Curfew comes to an end in Quebec, as new rules kick in
What does this mean for convenience operators?
The Canadian Press
Quebec Premier Francois Legault was true to his promise when he said the 10 p.m. curfew instituted across the province on December 31 would be the first pandemic restriction to fall by the wayside as the province attempts to return to some level of normalcy, removing the unpopular edict that locked most Quebecers in their homes after 10 p.m.
"This is good news,'' the premier said in his Twitter announcement that officially touted the curfew's end, as COVID-19 cases continued to take up hospital bed and patients continue to lose their lives to the virus.
In his latest round of edicts, all designed to help control the spread of the COVID-19 virus, Legault eased other restrictions - including the government-mandated Sunday closures of retail businesses (except for pharmacies, convenience stores and gas stations) - while taking aim at the unvaccinated portion of the population.
Starting earlier this week, the vaccine passport was required for entry into any SAQ or SQDC location, and starting next Monday, the vaccine passport will be required for entry into retail establishments, including big-box stores and grocery stores, with surface areas of 1,500 square metres (16,146 sq. ft.) and more.
As convenience stores are of a smaller footprint, they will not be required to ask for vaccine passports. The new rules could, in fact, be a sales boost for c-store operators, particularly those selling beer and wine. As well, the ending of the curfew means that convenience stores can once again stay open late to be a destination for late-night snacking, as well as the sale of alcohol.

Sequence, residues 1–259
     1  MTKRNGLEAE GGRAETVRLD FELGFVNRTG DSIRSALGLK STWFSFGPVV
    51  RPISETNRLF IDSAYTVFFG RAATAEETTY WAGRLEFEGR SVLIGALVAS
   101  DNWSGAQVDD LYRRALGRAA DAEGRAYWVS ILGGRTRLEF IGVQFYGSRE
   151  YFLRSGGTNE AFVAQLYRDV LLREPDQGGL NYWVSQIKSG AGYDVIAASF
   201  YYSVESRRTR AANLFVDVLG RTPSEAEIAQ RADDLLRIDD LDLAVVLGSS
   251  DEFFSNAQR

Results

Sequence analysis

"So, the best example is a Costco will have to ask for the vaccine passport; a Walmart will have to require the vaccine passport,'' Health Minister Christian Dube said.
Dr. Luc Boileau, Quebec's interim public health director, said the projections saying the fifth wave has peaked is "not a certainty, so we have to wait to confirm it.''
But the dramatic uptick in ICU patients and other COVID-19 hospitalizations has slowed, Boileau indicated.
Legault said the newest measures are a way to encourage reticent Quebecers to get vaccinated as soon as possible.
"I'm not here to win a popularity contest,'' he said. "I'm here to try to protect Quebecers and to put in place the best measures taking into consideration science and what public health is telling us.''
Indoor private gatherings across the province are still banned, and gyms, cinemas, bars and other entertainment venues are closed, while restaurants (as well as c-stores will foodservice) are still limited to take-out dining or delivery.